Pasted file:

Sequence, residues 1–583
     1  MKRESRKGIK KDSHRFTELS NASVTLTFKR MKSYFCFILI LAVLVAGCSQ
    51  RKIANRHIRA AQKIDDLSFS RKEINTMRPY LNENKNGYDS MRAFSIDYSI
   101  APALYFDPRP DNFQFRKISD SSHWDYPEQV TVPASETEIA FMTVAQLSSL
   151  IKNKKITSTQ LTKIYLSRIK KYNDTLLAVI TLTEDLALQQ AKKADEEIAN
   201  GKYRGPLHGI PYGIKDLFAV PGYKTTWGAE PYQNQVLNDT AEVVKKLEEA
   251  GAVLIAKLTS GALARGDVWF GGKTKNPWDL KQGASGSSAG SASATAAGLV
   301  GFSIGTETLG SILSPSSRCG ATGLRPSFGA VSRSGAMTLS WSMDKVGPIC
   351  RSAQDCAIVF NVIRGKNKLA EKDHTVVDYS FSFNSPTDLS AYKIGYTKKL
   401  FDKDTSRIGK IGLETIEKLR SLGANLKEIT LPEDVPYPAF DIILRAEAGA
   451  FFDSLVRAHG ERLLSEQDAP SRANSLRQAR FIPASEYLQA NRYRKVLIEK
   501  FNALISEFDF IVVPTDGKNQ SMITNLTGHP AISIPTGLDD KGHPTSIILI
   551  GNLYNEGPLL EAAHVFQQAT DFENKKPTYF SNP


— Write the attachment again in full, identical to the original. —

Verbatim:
Sequence, residues 1–583
     1  MKRESRKGIK KDSHRFTELS NASVTLTFKR MKSYFCFILI LAVLVAGCSQ
    51  RKIANRHIRA AQKIDDLSFS RKEINTMRPY LNENKNGYDS MRAFSIDYSI
   101  APALYFDPRP DNFQFRKISD SSHWDYPEQV TVPASETEIA FMTVAQLSSL
   151  IKNKKITSTQ LTKIYLSRIK KYNDTLLAVI TLTEDLALQQ AKKADEEIAN
   201  GKYRGPLHGI PYGIKDLFAV PGYKTTWGAE PYQNQVLNDT AEVVKKLEEA
   251  GAVLIAKLTS GALARGDVWF GGKTKNPWDL KQGASGSSAG SASATAAGLV
   301  GFSIGTETLG SILSPSSRCG ATGLRPSFGA VSRSGAMTLS WSMDKVGPIC
   351  RSAQDCAIVF NVIRGKNKLA EKDHTVVDYS FSFNSPTDLS AYKIGYTKKL
   401  FDKDTSRIGK IGLETIEKLR SLGANLKEIT LPEDVPYPAF DIILRAEAGA
   451  FFDSLVRAHG ERLLSEQDAP SRANSLRQAR FIPASEYLQA NRYRKVLIEK
   501  FNALISEFDF IVVPTDGKNQ SMITNLTGHP AISIPTGLDD KGHPTSIILI
   551  GNLYNEGPLL EAAHVFQQAT DFENKKPTYF SNP